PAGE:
Stories of Impact

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Global Minds Students Help Prepare for Future Natural Disasters 


Students from Global Minds visited Brother’s Brother Foundation this past Sunday to assemble hygiene kits that will be used to respond to future calamities. 

The youth-led organization, supported by Pittsburgh’s World Affairs Council, is active in 11 high schools in the United States and Canada. Programming at each chapter differs, but all have the overarching goal of building stronger connections between native English-speaking (NES) students and emerging multilingual learners (EMLs), who are often immigrants or refugees from foreign countries. In doing so, EML students have an easier time acclimating to their new environments and NES students broaden their cultural awareness. 

Yolanda joined her school’s Global Minds chapter in Illinois after receiving encouragement from her friend, Carlos, who was already a member. Participating in an activity that created maps and a scavenger hunt designed to help new students navigate the school made her “fall in love” with the program. 

“I like the environment and I also like how we’re helping the [EML] students in our club get more involved with things at school. They weren’t really open to it before us,” Yolanda said. 

A weekend-long camp hosted in Pittsburgh gave students from different Global Minds chapters an opportunity to meet each other, participate in workshops, and brainstorm ideas for the programs they run back home. 

The camp “helps you connect to the rest of the organization,” Carlos said. “When we started, we heard there were other parts [to Global Minds] but you think ‘we’re never really going to meet with them.’ This is a good opportunity to realize how they do different things and a good way to learn.”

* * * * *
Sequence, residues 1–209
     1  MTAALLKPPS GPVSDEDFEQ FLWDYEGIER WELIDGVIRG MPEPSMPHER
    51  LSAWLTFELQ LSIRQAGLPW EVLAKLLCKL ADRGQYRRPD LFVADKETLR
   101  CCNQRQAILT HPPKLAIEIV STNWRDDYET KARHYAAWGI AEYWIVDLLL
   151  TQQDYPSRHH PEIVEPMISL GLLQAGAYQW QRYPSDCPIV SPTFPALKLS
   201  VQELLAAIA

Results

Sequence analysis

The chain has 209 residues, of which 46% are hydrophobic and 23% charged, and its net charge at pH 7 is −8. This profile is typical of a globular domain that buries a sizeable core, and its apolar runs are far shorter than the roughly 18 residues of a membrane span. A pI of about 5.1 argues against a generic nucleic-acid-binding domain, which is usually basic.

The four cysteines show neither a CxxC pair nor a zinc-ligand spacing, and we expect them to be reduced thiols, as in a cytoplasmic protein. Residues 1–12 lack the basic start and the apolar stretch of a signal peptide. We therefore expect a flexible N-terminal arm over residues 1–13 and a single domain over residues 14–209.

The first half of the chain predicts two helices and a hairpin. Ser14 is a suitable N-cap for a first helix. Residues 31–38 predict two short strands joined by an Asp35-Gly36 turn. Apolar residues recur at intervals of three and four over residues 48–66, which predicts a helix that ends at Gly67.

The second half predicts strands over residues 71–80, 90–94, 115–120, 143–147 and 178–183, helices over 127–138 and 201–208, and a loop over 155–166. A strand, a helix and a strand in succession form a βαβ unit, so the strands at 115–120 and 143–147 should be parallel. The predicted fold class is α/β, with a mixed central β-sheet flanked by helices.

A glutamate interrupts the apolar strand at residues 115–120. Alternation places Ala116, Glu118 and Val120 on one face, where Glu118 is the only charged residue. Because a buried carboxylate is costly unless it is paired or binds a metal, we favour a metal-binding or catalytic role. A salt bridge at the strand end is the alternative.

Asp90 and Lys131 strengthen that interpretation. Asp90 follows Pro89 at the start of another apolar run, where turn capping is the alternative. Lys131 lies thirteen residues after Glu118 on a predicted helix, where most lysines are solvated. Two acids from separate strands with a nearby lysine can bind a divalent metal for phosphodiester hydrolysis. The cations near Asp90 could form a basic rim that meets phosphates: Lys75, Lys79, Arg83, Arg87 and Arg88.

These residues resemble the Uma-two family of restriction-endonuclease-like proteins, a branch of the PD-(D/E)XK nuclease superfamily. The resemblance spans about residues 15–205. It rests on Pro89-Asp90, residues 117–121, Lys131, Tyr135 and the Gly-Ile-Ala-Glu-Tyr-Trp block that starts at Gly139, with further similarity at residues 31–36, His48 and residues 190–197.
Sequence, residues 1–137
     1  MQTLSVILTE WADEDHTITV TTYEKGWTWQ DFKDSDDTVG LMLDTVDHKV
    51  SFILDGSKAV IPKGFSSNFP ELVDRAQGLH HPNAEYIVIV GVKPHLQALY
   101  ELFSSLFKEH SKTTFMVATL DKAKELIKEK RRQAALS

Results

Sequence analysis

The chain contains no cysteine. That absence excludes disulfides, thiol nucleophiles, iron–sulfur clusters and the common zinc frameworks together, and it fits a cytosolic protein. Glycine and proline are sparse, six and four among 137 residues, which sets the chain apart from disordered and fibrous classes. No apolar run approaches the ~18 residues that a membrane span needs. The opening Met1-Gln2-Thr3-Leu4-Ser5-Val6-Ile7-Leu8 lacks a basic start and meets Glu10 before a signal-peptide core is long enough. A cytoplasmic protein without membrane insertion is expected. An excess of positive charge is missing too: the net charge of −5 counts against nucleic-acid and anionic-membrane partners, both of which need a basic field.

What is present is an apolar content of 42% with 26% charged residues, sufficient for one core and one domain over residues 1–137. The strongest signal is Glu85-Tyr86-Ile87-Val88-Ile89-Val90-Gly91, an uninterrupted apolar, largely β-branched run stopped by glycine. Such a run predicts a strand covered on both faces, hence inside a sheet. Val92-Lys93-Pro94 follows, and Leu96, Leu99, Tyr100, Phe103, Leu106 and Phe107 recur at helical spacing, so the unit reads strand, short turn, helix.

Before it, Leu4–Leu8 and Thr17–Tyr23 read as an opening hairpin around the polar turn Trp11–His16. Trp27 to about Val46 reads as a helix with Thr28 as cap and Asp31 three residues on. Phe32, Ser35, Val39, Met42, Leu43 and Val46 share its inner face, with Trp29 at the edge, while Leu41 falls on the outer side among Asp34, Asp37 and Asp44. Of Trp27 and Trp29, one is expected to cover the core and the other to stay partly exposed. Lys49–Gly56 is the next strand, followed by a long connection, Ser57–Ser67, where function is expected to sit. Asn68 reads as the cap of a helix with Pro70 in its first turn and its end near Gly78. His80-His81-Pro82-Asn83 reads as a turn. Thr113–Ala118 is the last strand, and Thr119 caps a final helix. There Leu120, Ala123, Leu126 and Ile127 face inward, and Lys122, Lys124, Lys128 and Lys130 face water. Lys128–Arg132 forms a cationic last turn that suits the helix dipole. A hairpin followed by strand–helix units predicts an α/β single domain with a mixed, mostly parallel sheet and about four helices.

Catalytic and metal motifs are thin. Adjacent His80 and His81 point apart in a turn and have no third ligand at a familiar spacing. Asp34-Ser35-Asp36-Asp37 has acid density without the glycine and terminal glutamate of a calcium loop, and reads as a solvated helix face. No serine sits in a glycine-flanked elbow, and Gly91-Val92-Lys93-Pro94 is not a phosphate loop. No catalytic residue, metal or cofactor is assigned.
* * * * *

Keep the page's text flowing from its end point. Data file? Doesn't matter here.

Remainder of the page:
Students’ visit to BBF’s warehouse on the last day of camp gave them a hands-on way of making a difference in global communities struck by disaster, and also provided an opportunity to learn about some of the relief work being done to improve healthcare, infrastructure and education across the globe. 

“It’s a cool thing to do because if a disaster happens, then you can have the resources to go help. You’re ready.” Peyton, a student from Canada said. Her high school doesn’t have a Global Minds chapter but plans on starting one. 

Global Minds began in 2017, when a different Peyton–Peyton Klein from Taylor Allderdice High School in Pittsburgh–realized that she was sitting in front of a student in homeroom whom she had never spoken to before. 

“I made the incorrect assumption that simply because she wore a hijab and always sat quietly that she didn’t speak English,” Klein said in a Tedx Talk she gave in 2018. 

Daily conversations turned into a friendship that opened Peyton’s eyes to instances of cultural intolerance and discrimination happening at her school. She started Global Minds as an after-school program to give NES students and EML students an opportunity to connect through activities centered around topics such as diversity, sustainability and international relations. Shortly thereafter, the program gained nationwide attention, appearing in news outlets from Teen Vogue and the Today Show to the Pittsburgh Post-Gazette and the New York Times. 

The pandemic in 2020, though, put the organization’s growth on pause. 

“Students who were leaders graduated and we lost a lot of institutional knowledge,” Mary Pancoast, the Youth Programming Coordinator for Global Minds, said. 

Pancoast, who joined the Pittsburgh World Affairs Council in February of this year, is looking forward to helping Global Minds expand and regain lost momentum. By next year, she expects it to have several more chapters, each aimed at helping students understand what Klein learned six years ago: “People are individuals, you can’t make assumptions,” Pancoast said.